"So he used to make deposits at the bank, and his favorite teller was this beautiful lady, who was Virginia Ali, who is the owner of Ben's Chili Bowl. And he had a crush on her and would always go to her teller line.
"[W]e all kind of grew up together. Doyle Mitchell, [Jr.] who's the President now [of Industrial Bank] and Kamal and Nizam and Sage [at Ben's Chili Bowl]. We all kind of grew up in our [parent's] businesses, and now we're all carrying on the legacies of our businesses . . . . And whenever we need anything, we always call each other . . . .
"And my husband works at another bank. But I met him at Industrial Bank. He was working there when I met him . . . .
"There's just a big sense of community here with the three businesses that have been here a long time."
And were you all actually living close to each other? Or was it just the [U Street] neighborhood that kind of . . . .
"It's the neighborhood that we all came to during the day, during our working hours. I think we all live in D.C. Yeah. We all live in D.C. proper."
So I saw on Instagram and also there was a WHUR video from your Grand Reopening and just various other sources - all these stories of community. I have a whole list of them, including the re-opening and the flower wreath on the fence between Lafayette [Square] and Black Lives Matter Plaza. And there was a singer in front of your store . . . .
"We used to have the Flower Power Happy Hour on Friday afternoons. We just called it"happy hour" because the flowers were half price. And so we would pay local artists . . . and just, you know, give them exposure and also draw people into the shop. And that was before the pandemic, of course.
"And we also had local artisans come in and sell their wares. For free, we would let them come and do pop-ups here or trunk shows."
How did the pop-ups work?
"Well my sister Kristie curated those, where she would [find] local candle makers, jewelry makers, any kind of locally made things . . . . They could put it out on Instagram that they would be there . . . . And so they got exposure to our customers. And we got exposure to theirs. So it was a win-win kind of situation. That created a lot of community when we had those."
In what way did it create community?
"Well, people would come in. . . . it just felt like community. We had regulars that came in. So it felt almost like a real happy hour.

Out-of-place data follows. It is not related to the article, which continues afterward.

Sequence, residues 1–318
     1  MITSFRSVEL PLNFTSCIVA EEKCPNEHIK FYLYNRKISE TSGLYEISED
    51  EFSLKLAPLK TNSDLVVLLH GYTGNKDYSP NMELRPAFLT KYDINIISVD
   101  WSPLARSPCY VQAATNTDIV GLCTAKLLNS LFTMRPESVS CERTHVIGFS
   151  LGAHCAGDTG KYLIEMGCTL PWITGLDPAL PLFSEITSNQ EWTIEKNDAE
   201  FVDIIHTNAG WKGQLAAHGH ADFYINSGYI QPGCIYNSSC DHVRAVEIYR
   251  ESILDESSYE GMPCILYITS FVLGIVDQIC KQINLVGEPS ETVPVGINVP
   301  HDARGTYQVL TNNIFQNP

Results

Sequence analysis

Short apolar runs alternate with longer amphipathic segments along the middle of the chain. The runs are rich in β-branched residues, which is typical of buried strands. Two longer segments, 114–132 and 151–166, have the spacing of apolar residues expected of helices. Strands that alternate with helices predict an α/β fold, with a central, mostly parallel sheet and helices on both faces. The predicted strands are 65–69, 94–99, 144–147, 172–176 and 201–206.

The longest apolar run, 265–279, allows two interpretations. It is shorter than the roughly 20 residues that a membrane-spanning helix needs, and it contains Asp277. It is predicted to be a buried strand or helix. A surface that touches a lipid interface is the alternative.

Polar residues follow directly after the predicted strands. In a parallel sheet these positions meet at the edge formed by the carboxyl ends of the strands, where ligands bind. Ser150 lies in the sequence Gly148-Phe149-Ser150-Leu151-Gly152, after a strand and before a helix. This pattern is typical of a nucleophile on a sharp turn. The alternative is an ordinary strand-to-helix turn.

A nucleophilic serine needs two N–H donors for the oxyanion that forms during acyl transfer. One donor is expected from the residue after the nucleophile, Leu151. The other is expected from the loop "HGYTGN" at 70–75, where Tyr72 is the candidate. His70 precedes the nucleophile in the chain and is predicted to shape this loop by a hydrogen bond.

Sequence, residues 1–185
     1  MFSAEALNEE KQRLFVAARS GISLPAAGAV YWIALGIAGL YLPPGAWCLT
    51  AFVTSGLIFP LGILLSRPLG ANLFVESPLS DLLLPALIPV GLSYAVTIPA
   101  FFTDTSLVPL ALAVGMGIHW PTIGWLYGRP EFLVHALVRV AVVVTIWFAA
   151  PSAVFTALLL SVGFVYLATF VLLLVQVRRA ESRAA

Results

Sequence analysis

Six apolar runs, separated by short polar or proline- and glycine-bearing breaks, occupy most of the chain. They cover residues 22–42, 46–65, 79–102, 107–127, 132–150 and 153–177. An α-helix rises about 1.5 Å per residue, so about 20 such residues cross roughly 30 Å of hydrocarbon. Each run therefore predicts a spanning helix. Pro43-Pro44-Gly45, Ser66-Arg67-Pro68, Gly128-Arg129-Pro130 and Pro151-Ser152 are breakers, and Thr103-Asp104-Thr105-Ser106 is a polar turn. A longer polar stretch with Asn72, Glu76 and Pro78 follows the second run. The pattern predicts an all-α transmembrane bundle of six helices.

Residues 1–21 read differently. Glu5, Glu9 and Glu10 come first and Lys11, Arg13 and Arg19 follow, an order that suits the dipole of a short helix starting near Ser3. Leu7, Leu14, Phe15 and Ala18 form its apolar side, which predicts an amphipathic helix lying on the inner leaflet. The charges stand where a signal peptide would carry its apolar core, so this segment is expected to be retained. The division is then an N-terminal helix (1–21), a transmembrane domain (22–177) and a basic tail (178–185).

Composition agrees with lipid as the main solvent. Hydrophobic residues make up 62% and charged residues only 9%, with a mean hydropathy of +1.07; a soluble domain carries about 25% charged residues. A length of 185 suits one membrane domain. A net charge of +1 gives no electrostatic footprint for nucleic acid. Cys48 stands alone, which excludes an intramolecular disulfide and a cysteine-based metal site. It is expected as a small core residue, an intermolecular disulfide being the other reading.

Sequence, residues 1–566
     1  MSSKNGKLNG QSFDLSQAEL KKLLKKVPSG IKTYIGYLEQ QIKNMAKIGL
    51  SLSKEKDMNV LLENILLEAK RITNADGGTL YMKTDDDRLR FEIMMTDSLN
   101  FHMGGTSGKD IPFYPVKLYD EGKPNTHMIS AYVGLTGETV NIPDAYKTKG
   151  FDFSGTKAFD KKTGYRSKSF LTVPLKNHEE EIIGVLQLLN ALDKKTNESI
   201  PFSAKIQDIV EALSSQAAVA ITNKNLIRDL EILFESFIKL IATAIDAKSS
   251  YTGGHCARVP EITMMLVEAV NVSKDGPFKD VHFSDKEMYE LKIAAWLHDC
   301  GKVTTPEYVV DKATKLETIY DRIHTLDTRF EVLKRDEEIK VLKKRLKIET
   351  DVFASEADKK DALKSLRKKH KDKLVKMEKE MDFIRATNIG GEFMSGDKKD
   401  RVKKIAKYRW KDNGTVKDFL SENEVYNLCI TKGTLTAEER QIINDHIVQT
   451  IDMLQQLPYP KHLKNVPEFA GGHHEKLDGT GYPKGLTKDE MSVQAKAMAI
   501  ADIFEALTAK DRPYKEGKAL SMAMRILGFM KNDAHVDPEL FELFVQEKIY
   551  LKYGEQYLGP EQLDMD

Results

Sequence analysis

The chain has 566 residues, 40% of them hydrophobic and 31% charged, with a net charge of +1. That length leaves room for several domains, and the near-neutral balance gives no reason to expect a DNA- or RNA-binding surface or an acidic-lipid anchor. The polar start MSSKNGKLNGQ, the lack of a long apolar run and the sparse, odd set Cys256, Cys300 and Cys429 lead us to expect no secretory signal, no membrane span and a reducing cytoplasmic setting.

"It originally started out as getting rid of older flowers, but we would have to buy flowers just to sell at our party. So it ended up being . . . not a loss leader, but we probably didn't make more money because the flowers were half price . . . . It brought a lot of people in the store."
And how long did you do that?
"We did it for about five years before COVID."
I've been reading all about your shop and about your history . . . and I just find it really heartening that even after gentrification, it seems like there's really a sense of solidarity and community in the [U Street] black community.
Could you just give me your thoughts on that?
"Well, I guess you're thinking about the social justice movement of 2020 and then with COVID . . . . That was really a tremendous time for us. We did get to see how the community still rallied around us. And not just the African-American community or black community but the whole community of D.C. and all over. People have really supported our business during that time and sent money to us and ordered flowers, just because they wanted to support a black-owned business. So that was really, how you say, heartening. That was really tremendous and made us really feel valued to the community . . . . It gave us the push to keep on going."
Stacie and Kristie are two sisters who have chosen to spend their careers building on the legacy of their family business. It's not just about a store but about carrying on a tradition and sustaining an institution that is central to the people who have ties to this historic black neighborhood. Both their father and the customers tell the sisters how proud they are. Lee's Flower and Card Shop Inc., Ben's Chili Bowl, Industrial Bank, and many other places and sites in the neighborhood are what still make the Greater U Street Historic District a living model for healthy black communities to this day.